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Republican presidential candidate Nikki Haley talks to a supporter during a campaign stop in Moncks Corner, S.C. on Feb. 23, ahead of the South Carolina Republican presidential primary election.BRIAN SNYDER/Reuters

Bruno Loefstedt had hoped 2024 would finally be the year that brought him back to the Republican Party. Once a loyal GOP voter, the 66-year-old retired army officer couldn’t bring himself to support Donald Trump in the past two presidential elections, repelled by his divisive political style.

This time around, Mr. Loefstedt thought, the party might instead nominate a candidate more in line with his views: Nikki Haley, the former governor of his state of South Carolina. Among other things, he believed, she could push the Republicans toward strong support for military aid to Ukraine and a balanced approach to dealing with migration.

“It’s got to be about more than just security on the border. We rely on immigration for labour,” he said this week outside a speech by Ms. Haley at a conference centre in downtown Greenville, a small city in the foothills of the Blue Ridge Mountains. “And Ukraine is in an existential struggle for the free world.”

But Ms. Haley is struggling. Ahead of South Carolina’s primary on Saturday, she is 30 points behind Mr. Trump in most polls. His lead is even larger across the country. The former president is aiming to drive his final remaining nomination opponent from the race and set up a months-long general election rematch with Democratic President Joe Biden.

“The party I’ve been voting for since 1976 disappeared in 2016. I’d like to have a choice in the next election. I would really like to vote Republican again,” Mr. Loefstedt said. “I don’t think that’s going to happen, to tell you the truth.”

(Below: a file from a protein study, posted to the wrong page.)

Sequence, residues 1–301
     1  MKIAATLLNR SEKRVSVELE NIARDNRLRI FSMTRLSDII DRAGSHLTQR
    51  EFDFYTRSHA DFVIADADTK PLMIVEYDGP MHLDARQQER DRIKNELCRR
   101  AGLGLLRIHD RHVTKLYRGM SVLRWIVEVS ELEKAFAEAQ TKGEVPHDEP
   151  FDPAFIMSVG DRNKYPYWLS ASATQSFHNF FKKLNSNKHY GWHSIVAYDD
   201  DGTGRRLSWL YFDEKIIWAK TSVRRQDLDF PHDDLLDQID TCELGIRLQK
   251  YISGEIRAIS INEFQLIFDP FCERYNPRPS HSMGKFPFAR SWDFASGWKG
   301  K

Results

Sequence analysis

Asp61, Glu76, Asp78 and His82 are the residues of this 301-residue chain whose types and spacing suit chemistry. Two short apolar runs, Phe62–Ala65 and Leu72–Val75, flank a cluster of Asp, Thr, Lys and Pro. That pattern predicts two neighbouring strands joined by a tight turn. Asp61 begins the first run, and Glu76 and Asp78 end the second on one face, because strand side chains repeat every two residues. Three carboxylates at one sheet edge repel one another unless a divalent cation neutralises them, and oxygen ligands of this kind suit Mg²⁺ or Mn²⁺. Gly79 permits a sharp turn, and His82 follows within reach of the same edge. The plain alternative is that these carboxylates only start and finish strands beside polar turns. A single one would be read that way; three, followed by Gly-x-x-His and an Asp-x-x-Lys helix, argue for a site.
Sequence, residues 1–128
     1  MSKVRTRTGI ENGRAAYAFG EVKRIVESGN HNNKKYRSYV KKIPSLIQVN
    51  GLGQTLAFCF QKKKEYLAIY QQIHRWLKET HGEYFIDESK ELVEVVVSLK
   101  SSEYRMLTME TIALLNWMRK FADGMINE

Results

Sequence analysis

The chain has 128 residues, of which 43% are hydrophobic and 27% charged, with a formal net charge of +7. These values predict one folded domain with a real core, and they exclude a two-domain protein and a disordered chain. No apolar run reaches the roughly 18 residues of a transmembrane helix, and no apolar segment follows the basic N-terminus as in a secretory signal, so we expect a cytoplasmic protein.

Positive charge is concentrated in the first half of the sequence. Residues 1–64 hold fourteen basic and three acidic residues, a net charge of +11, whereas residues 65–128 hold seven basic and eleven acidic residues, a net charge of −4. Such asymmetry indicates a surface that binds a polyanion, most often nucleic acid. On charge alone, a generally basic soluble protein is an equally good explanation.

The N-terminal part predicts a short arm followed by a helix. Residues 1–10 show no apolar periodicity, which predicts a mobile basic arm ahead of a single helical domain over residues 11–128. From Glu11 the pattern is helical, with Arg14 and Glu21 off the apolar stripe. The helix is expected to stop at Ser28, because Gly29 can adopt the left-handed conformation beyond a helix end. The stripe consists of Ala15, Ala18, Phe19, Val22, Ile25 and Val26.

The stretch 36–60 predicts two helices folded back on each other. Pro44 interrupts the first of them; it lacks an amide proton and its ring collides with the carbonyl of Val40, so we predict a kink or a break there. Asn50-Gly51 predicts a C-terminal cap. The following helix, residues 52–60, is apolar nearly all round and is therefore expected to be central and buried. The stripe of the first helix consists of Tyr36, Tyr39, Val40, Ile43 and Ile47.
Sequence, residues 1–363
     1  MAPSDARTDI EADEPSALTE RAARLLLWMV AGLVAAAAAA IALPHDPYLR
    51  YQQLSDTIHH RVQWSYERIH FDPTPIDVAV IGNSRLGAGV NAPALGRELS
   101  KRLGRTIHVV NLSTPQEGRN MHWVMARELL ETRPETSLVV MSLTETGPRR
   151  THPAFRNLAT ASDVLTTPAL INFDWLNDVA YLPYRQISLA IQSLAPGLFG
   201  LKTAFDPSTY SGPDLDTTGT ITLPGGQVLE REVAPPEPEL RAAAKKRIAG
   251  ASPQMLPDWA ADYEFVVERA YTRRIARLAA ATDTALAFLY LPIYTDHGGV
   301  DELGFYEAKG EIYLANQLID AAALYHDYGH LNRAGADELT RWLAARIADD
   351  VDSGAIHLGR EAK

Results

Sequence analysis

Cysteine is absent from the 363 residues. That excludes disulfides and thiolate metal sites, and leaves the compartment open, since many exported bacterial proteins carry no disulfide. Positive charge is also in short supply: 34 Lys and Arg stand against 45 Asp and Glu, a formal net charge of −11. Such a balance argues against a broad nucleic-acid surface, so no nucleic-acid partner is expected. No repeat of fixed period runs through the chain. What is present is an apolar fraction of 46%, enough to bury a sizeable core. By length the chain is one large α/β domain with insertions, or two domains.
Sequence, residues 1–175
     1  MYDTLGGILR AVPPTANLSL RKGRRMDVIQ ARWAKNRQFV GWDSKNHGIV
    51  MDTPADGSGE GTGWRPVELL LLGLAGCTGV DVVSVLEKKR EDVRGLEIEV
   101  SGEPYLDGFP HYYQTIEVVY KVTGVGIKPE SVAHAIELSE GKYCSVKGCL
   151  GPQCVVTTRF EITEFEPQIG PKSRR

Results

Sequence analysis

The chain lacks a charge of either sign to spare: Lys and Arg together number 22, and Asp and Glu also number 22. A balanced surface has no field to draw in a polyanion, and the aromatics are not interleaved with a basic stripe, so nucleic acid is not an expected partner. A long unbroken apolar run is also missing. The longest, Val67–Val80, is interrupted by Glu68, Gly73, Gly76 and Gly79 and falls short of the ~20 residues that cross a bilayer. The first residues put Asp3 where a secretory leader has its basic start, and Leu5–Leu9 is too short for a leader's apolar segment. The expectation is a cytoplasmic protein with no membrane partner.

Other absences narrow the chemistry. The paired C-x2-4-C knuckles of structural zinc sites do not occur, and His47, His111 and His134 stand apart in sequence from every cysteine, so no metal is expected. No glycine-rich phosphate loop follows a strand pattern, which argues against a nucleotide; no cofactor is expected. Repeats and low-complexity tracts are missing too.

So far, Ms. Haley, who also served as the U.S.’s ambassador to the United Nations under Mr. Trump, is remaining defiant.

In the Greenville speech, she vowed to stay in the contest whatever Saturday’s result. She warned that Mr. Trump is getting “more unstable and more unhinged” and assailed the “herd mentality” that has seen her party line up behind him. “I feel no need to kiss the ring,” she said.

She argued that it would be nonsensical to quit the race so early – only three states have so far voted. Still, it will be virtually impossible, observers say, to mount a challenge to Mr. Trump if she can’t even defeat him on her home turf, this Deep South red state of 5.1 million people.

To some of Mr. Trump’s supporters here, Ms. Haley’s well-funded campaign and big-business-friendly image is representative of the political establishment he vows to upend.

“Unfortunately, she plays both sides of the aisle. She accepts money from the deep state. She might as well just say she’s a liberal at this point,” said Terry Davies, 60, who owns a plumbing company on the resort island of Hilton Head.

Others said they never really bothered to form strong opinions on Ms. Haley because they knew where their vote was going no matter who ran. “Why should we have to look for anyone else? Trump is it,” said Jerry Blosser, 64, a retired school-operations worker from Greenville.

For many of them, Ms. Haley’s increasingly sharp attacks on Mr. Trump, particularly on foreign policy, have fallen flat. She has accused him of abandoning Washington’s allies to Moscow, seizing on his threat to “encourage” Russia to invade NATO countries that fail to meet defence spending targets and his promises to immediately end the war in Ukraine if elected.

“I agree with totally calling NATO out over their failure to pony up,” said Keith Muehlfeld, a 72-year-old retired judge, as he headed into a Trump campaign event at a veterans’ centre in Beaufort, a picturesque seaside town of palm trees and clapboard storefronts. “Ukraine has got to negotiate at some point. You’re not going to defeat the Russian army. It’s just throwing money down a rat hole.”